Wednesday, June 5, 2013

A First-Rate Madness: Uncovering the Links Between Leadership and Mental Illness


A First-Rate Madness: Uncovering the Links Between Leadership and Mental Illness
Dr. Nassir Ghaemi, Author

Nassir Ghaemi MD MPH is an academic psychiatrist specializing in mood illnesses, especially bipolar disorder.
He is Professor of Psychiatry and Pharmacology at Tufts Medical Center in Boston, where he directs the Mood Disorders Program. He is a also a Clinical Lecturer at Harvard Medical School, and teaches at the Cambridge Health Alliance.

Amazon.com Book Description. A First-Rate Madness: An investigation into the surprisingly deep correlation between mental illness and successful leadership, as seen through some of history's greatest politicians, generals, and businesspeople.

In A First-Rate Madness, Nassir Ghaemi, who runs the Mood Disorders Program at Tufts University Medical Center, draws from the careers and personal plights of such notable leaders as Lincoln, Churchill, Gandhi, Martin Luther King, Jr., JFK, and others from the past two centuries to build an argument at once controversial and compelling: the very qualities that mark those with mood disorders- realism, empathy, resilience, and creativity-also make for the best leaders in times of crisis. By combining astute analysis of the historical evidence with the latest psychiatric research, Ghaemi demonstrates how these qualities have produced brilliant leadership under the toughest circumstances.

Take realism, for instance: study after study has shown that those suffering depression are better than "normal" people at assessing current threats and predicting future outcomes. Looking at Lincoln and Churchill among others, Ghaemi shows how depressive realism helped these men tackle challenges both personal and national. Or consider creativity, a quality psychiatrists have studied extensively in relation to bipolar disorder. A First-Rate Madness shows how mania inspired General Sherman and Ted Turner to design and execute their most creative-and successful-strategies.

Ghaemi's thesis is both robust and expansive; he even explains why eminently sane men like Neville Chamberlain and George W. Bush made such poor leaders. Though sane people are better shepherds in good times, sanity can be a severe liability in moments of crisis. A lifetime without the cyclical torment of mood disorders, Ghaemi explains, can leave one ill equipped to endure dire straits. He also clarifies which kinds of insanity-like psychosis-make for despotism and ineptitude, sometimes on a grand scale.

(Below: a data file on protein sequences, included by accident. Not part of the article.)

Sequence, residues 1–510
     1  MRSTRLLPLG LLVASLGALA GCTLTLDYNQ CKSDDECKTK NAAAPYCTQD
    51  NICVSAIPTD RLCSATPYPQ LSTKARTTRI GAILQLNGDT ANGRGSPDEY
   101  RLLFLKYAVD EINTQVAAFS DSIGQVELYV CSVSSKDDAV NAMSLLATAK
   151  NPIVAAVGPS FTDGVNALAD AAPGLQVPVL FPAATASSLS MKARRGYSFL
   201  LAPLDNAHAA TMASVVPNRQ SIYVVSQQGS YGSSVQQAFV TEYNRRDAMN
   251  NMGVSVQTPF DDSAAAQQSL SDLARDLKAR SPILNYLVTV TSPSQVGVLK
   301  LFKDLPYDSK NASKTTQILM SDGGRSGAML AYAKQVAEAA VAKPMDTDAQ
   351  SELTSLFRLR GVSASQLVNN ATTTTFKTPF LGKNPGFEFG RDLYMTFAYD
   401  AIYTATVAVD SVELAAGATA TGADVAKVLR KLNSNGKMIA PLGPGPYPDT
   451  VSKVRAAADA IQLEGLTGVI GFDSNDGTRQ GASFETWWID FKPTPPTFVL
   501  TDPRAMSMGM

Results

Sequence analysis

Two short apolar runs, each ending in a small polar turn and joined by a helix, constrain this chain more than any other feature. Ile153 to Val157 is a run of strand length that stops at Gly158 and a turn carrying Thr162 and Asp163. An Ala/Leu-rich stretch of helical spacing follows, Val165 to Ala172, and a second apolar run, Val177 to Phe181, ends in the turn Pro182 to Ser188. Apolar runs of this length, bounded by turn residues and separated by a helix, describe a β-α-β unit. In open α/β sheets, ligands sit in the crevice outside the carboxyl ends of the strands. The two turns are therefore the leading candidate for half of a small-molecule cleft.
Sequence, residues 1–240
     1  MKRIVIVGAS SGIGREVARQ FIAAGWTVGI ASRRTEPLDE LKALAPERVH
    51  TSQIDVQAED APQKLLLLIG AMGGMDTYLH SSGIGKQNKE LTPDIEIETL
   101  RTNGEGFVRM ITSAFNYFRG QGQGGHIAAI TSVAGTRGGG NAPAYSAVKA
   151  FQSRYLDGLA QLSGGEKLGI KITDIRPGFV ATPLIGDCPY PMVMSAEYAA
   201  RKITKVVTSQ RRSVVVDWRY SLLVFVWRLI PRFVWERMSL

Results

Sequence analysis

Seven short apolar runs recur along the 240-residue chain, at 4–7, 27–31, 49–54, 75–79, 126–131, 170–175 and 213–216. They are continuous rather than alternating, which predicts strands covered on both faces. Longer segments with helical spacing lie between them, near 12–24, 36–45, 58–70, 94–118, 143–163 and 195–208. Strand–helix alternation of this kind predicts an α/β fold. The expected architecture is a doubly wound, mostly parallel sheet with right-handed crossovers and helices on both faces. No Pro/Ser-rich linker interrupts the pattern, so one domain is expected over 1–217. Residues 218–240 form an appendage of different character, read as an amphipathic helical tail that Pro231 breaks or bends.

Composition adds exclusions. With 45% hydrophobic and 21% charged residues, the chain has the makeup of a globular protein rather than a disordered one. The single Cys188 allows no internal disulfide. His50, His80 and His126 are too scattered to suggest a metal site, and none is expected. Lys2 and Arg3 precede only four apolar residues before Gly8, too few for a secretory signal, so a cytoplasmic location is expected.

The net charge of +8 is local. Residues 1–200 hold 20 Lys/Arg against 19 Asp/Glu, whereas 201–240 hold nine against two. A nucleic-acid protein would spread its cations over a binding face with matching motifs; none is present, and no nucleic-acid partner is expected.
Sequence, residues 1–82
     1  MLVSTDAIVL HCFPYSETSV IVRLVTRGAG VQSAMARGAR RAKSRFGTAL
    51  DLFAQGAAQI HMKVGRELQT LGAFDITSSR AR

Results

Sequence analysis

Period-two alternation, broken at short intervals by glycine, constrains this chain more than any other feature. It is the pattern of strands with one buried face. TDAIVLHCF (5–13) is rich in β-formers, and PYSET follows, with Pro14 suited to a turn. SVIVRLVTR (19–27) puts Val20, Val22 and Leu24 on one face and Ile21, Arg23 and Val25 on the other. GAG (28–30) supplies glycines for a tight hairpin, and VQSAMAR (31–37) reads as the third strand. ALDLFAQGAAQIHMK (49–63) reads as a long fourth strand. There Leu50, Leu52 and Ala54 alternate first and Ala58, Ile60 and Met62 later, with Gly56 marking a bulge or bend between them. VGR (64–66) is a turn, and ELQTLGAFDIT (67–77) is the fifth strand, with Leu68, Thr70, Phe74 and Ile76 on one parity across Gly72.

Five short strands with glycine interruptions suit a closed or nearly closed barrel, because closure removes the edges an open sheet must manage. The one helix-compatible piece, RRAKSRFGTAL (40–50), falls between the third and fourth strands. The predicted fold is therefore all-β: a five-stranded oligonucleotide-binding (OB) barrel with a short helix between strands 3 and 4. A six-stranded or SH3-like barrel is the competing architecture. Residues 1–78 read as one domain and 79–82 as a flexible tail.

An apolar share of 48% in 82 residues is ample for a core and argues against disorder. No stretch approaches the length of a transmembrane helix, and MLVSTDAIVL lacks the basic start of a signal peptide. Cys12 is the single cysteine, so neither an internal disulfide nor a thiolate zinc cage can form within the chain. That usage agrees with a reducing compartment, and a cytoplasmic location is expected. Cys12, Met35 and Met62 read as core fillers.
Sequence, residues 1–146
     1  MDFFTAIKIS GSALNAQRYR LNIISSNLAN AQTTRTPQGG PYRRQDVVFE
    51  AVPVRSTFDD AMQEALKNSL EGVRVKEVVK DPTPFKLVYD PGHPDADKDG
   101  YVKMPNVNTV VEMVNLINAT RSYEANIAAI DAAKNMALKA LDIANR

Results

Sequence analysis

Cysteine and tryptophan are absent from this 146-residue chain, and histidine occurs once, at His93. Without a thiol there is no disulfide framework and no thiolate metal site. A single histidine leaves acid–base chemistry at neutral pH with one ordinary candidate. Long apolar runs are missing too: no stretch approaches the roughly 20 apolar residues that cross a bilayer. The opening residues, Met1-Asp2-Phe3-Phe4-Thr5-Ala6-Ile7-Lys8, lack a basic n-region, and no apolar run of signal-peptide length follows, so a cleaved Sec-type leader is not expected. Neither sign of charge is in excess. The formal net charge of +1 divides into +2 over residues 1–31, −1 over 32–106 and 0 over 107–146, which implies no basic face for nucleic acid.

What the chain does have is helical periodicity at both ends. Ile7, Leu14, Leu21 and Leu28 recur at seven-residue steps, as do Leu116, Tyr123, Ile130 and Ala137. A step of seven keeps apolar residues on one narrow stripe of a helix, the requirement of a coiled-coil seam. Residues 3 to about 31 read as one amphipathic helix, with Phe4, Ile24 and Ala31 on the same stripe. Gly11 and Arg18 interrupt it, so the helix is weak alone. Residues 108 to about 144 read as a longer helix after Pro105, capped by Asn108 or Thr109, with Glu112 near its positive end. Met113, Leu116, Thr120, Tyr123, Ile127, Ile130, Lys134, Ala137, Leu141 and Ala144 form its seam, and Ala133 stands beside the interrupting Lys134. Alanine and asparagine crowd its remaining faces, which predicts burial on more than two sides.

Ghaemi's bold, authoritative analysis offers powerful new tools for determining who should lead us. But perhaps most profoundly, he encourages us to rethink our view of mental illness as a purely negative phenomenon. As A First-Rate Madness makes clear, the most common types of insanity can confer vital benefits on individuals and society at large-however high the price for those who endure these illnesses. Read more here

National Public Radio, 'Madness' And Leadership, Hand In Hand
The New York Times, What Befits a Leader in Hard Times?
American Scientific, MIND Reviews: A First-Rate Madness
 Dr. Nassir Ghaemi, Author’s website

Kirkus Book Review
Barnes and Nobel

Dr. Nassir Ghaemi
Psychology Today, Mood Swings blog
Dr. Nassir Ghaemi
Published on August 9, 2011


Many great leaders have been mentally ill, mainly with severe depression and sometimes with mania.  This is not an entirely controversial statement.  It is generally accepted by historians that Abraham Lincoln had severe depression, and so did Winston Churchill.  Both were suicidal at times.  Some other figures are less well-known but the documentary evidence is relatively strong: General William Sherman was removed from command because of concerns that he was insane.  He appeared, in retrospect, to have experienced a manic episode with paranoid delusions; he also had,throughout his life, episodes of severe depression, along with occasional suicidal thoughts.  Mahatma Gandhi and Martin Luther King both made suicide attempts in adolescence, and each had at least two severe depressive episodes in their lifetimes. Read more here

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